Production of MSA graded beef and lamb

Production and management practices are key factors that influence the eating quality potential of cattle, sheep and lambs. Below is a summary of these key factors, their impact and how they are measured to identify consistent quality beef and lamb.


All breeds are eligible for MSA grading.  However, research shows that breed can impact the eating quality of certain cuts.  An assessment of breed content is made prior to processing.

Nutrition and growth

Cattle and sheep must be finished on a rising plane of nutrition to ensure adequate growth and sufficient muscle glycogen levels prior to processing. Glycogen is a measure of an animal’s energy reserves.  Adequate nutrition and minimal stress during handling results in high muscle glycogen which leads to optimal pH and meat colour compliance at grading.

Handling and Transport

Livestock must be handled in a manner that minimises stress during mustering and transport. Stress is a major contributor to a condition that results in dark, tough beef.

 Grading a Carcase

Production inputs are combined with carcase attributes to develop a MSA grade for a specific cut of beef or lamb. Specific carcase attributes and they importance are summarised below.

Meat Colour

The colour of the rib eye muscle is assessed and scored against a nationally approved standard. Meat colour is a leading indication of meat quality as dark beef is known to be tough and unacceptable.

MSA Marbling

Marbling is a measure of intramuscular fat and a lead indicator of flavour and tenderness. The rib eye muscle is assessed to calculate the amount and distribution of marbling against the MSA standard.

External Fat Distribution

An even fat coverage assists uniform carcase chilling which influences tenderness. The thickness of rib fat is measured at a standard location; it must be at least 3mm to meet the MSA standard. External fat must also be evenly distributed over the loin, hind and forequarters.

Ultimate pH

pH is the measurement of lactic acid in the muscle. It is a key indicator of eating quality and is measured by inserting a pH probe into the eye muscle. Only carcases with the optimum pH level achieve an MSA grade.


Maturity is measured in beef cattle by assessing the amount of cartilage that turns to bone along the spine. It describes how quickly the animal has grown and is a lead indictor of beef tenderness. A lamb is determined by the AUS-MEAT classification based on the number of permanent teeth it has at the time of processing.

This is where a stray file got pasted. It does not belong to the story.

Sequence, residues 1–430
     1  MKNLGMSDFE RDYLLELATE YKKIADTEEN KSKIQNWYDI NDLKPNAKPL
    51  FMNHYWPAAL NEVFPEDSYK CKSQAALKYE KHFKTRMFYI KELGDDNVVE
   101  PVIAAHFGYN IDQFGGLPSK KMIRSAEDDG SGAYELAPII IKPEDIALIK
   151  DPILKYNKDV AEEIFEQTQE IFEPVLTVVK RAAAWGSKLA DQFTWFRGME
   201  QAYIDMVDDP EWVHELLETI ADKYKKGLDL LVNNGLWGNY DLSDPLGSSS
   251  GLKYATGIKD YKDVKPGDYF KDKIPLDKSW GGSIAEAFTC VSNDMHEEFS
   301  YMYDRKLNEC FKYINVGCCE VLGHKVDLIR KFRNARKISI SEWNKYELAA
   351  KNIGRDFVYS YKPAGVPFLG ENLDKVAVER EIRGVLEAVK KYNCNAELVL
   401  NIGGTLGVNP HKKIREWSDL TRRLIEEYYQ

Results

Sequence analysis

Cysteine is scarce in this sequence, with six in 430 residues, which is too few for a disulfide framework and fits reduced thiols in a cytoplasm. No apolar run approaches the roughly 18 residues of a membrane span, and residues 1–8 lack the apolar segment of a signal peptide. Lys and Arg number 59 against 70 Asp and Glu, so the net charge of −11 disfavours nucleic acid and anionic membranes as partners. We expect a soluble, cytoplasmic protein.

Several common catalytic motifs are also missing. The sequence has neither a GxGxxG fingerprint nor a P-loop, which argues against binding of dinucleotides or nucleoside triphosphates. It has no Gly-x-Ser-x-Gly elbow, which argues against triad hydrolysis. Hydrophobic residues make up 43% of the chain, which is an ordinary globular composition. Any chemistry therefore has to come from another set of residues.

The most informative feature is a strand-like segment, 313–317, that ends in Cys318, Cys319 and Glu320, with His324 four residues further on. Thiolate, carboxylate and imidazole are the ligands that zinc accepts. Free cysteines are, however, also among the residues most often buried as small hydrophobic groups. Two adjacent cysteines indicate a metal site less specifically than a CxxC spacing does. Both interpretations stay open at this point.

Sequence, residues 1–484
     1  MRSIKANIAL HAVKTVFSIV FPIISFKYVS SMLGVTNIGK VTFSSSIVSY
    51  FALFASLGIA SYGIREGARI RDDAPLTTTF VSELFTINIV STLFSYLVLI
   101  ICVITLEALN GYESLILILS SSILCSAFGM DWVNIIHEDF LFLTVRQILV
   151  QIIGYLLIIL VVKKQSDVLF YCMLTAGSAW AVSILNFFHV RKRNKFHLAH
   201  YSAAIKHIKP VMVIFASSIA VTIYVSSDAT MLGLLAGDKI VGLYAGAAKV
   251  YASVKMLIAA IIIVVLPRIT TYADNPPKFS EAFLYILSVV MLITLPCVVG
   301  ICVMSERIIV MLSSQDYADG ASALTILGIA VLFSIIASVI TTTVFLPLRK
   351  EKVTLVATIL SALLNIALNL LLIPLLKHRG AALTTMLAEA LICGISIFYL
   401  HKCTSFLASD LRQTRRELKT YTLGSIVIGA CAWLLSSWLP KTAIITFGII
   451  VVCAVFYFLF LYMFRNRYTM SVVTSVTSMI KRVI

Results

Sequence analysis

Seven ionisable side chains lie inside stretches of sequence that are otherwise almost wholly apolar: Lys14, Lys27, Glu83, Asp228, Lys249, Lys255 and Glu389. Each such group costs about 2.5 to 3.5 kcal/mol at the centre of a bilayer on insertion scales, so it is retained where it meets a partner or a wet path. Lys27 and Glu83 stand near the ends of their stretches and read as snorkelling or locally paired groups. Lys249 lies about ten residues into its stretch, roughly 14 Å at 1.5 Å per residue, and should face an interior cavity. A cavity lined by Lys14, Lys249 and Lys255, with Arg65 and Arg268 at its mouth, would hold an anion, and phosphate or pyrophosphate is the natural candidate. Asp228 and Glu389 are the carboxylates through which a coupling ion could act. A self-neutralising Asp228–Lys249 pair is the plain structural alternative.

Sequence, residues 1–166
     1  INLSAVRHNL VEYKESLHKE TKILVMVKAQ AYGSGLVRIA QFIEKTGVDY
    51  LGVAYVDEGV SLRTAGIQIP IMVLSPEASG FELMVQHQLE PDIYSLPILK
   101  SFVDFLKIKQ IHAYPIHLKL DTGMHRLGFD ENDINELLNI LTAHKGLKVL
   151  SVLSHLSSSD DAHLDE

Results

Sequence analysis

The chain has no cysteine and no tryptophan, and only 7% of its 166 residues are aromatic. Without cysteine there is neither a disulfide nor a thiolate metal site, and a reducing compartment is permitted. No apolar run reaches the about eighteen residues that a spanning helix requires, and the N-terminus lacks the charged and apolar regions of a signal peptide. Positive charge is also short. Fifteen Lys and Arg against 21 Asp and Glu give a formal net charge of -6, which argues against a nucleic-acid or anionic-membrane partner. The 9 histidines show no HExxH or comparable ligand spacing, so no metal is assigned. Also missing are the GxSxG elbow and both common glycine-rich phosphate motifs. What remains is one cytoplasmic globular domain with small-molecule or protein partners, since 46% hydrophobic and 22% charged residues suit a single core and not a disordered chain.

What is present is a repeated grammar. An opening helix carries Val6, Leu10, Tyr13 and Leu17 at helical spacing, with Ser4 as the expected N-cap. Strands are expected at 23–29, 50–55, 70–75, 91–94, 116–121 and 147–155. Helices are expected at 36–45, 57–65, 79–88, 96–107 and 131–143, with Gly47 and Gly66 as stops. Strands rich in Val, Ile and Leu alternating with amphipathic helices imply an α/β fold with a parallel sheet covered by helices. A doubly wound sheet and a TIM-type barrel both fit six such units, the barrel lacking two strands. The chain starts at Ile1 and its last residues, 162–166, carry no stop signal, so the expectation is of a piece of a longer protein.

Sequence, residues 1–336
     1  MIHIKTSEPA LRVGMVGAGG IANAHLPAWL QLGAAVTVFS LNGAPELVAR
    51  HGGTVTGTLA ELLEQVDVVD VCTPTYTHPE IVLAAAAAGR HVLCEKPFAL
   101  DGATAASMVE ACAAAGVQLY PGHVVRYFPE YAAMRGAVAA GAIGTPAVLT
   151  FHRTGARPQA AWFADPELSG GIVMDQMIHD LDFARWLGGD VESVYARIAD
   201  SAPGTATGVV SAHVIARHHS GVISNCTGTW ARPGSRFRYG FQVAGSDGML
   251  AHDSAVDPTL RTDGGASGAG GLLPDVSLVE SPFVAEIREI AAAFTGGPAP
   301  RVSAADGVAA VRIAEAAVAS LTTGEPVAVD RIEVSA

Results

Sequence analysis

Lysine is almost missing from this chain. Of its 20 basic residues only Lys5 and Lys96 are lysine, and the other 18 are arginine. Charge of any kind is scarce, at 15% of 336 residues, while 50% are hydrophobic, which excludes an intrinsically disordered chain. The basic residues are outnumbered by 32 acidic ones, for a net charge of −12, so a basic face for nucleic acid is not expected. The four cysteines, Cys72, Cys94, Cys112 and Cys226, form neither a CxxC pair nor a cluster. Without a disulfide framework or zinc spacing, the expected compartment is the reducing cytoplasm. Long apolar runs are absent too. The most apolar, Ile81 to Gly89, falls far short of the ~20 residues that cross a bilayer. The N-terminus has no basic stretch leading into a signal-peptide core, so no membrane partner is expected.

Reading Carton labels

All MSA graded beef and lamb is identified on the carton end panel with the prefix MSA. The label must state;

  • Cooking method
  • The MSA Grade – MSA 3, 4 or 5 star for cattle and MSA for sheepmeat
  • and ageing requirement in days e.g. MSA 3 roast @ 5 days

MSA product must not be sold to consumers before it reaches the MSA ageing requirement shown on the carton label. To do this check the date it was packed on or the carcase ticket for the date of processing and calculate forward for a release date. All MSA products require a minimum ageing period of 5 days. The MSA standard for beef can be met by a number of ageing requirements up to 35 days. The ageing requirements for beef change depending on the cut.

How to Identify a MSA Primal

All MSA vacuum packed beef, lamb and sheepmeat products must be identified with either a heat printed MSA logo on the bag, an MSA insert or approved  MSA brand insert. In the absence of an approved insert or bag logo the product cannot be sold as MSA.

Carolyn Evans

 Autumn In the veggie garden.

To prepare for the coming autumn, start clearing the veggie beds of the summers flagging tomatoes, eggplants, cucumber and zucchinis, however if you have  pumpkins not quite ready to harvest, work around them!

The beds will then be refreshed with some compost, chicken poo, soil and mulch and be ready to plant the next crops after the next local markets where you can obtain healthy seedlings. Thanks to Helen will plant the recommended selection below over the next 3 months.

Plant Garlic March/April in well-drained soil with good organic matter and manure, keep watering through spring, harvesting in summer.

(with the exception of Strawberries which should be planted in April these can all go in over the 3 months of autumn) beans, broad beans, green beans, beetroot , broccoli, brussel sprouts, cabbage, carrot, cauliflower, endive, fennel, garlic, kale, leeks, lettuce, onions, peas, radish, rocket, shallots, silver beet, english spinach, turnips & swedes.

May planting: The warm temperate climate on the South Coast allows us to grow a variety of vegies over the winter months. Vegies to plant in May are asian greens, asparagus crowns, broccoli, cabbage, cauliflower, celery, garlic, kale, leek, lettuce, onion, peas, radish, silver beet, spinach & turnip & herbs such as coriander, oregano, rocket, sage, thyme, and of course sow some more strawberries.

Happy Planting Helen Attwater